First, I will describe my idea.
The straightforward solution would be to sort all the numbers (for example, via std::sort), remove the duplicates, and then just to scan through them with a simple FOR-loop, keeping track of the longest suffix of the current processed numbers which contains only consecutive integers. Taking the maximum of these values, we obtain a simple O(N log N + N) solution.
Actually, the O(N log N) part depends only on sorting. So, considering that all the given numbers are small, one can do a bucket sort, thus, obtaining something like O(K + N), where K is the largest among the given integers.
The smarter solution is based on keeping track of the maximal by inclusion consecutive segments. We can maintain a map A, where A[x] is the other bound of the maximal by inclusion segment, which's one of bounds is equal to x. Then, when a number x arrives, we can look, whether there is any maximal-by-inclusion segment, which has one of bounds equal to x-1 or x+1, and based on this, possibly build a new one, or merge some two maximal-by-inclusion segments of the consecutive numbers. On every iteration (i.e. number addition), we will try to update the answer with the length of the newly calculated maximal-by-inclusion segment.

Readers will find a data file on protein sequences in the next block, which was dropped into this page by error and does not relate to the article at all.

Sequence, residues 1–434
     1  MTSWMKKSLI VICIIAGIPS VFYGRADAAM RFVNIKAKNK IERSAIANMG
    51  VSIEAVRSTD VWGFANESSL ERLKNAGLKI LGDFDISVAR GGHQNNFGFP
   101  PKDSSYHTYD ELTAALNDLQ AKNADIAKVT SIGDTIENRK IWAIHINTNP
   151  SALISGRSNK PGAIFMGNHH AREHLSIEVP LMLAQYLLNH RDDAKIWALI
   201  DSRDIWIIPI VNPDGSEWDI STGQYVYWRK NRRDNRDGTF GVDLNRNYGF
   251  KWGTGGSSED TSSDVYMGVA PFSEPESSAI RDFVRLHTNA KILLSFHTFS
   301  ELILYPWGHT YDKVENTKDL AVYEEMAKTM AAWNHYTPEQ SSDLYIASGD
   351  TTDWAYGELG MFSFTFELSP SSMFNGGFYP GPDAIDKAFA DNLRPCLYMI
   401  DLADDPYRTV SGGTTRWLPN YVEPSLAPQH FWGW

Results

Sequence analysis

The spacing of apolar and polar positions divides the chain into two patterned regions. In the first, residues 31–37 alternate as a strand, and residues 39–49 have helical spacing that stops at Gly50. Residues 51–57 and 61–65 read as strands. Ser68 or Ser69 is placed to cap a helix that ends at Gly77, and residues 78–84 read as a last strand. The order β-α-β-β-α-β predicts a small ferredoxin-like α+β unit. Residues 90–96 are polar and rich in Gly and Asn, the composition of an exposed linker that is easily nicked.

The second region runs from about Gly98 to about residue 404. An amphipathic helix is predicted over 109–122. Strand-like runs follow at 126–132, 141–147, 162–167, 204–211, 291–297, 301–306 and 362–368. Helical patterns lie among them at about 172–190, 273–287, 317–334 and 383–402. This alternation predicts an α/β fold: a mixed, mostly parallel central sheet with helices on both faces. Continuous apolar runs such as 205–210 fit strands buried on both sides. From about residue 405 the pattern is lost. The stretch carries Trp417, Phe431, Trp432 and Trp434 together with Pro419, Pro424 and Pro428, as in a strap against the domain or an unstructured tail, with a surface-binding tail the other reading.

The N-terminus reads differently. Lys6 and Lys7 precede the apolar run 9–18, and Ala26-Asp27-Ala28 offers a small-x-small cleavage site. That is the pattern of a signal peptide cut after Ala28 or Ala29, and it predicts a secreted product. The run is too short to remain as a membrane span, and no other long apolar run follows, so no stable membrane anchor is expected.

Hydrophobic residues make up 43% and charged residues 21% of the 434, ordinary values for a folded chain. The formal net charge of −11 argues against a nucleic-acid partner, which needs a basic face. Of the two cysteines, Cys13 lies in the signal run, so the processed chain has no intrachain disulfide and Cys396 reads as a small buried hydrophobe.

If we do it with a hash_map, then we obtain O(N) solution, which is required.
But the judge doesn't support hash_map's (at least I wasn't able to use it). So is there any other model solution that doesn't use hashing at all?